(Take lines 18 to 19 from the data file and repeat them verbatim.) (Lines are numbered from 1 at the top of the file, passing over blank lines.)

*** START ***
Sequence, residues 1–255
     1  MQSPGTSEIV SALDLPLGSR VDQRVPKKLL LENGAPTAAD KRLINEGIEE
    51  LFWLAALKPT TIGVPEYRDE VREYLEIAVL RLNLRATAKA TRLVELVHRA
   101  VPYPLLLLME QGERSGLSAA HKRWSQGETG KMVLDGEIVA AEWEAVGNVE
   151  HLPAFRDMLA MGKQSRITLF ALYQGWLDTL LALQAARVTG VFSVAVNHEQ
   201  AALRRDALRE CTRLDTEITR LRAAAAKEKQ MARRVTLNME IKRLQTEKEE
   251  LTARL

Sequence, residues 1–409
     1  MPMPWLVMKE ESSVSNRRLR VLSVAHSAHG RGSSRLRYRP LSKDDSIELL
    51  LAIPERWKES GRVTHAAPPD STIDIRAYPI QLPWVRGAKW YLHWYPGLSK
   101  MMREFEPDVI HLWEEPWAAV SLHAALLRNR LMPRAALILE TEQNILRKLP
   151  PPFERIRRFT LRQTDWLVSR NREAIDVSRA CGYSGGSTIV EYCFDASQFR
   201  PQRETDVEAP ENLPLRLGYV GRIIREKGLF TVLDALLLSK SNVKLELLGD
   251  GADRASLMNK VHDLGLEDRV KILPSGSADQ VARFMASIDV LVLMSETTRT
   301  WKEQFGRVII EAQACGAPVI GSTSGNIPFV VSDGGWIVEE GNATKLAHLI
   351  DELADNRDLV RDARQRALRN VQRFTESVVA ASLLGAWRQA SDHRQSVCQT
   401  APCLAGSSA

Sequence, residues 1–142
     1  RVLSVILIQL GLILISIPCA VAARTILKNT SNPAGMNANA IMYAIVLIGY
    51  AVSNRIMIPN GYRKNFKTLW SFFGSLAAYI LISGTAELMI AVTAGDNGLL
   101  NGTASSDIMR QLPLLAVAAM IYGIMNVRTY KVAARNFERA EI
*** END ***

Sequence, residues 1–142
     1  RVLSVILIQL GLILISIPCA VAARTILKNT SNPAGMNANA IMYAIVLIGY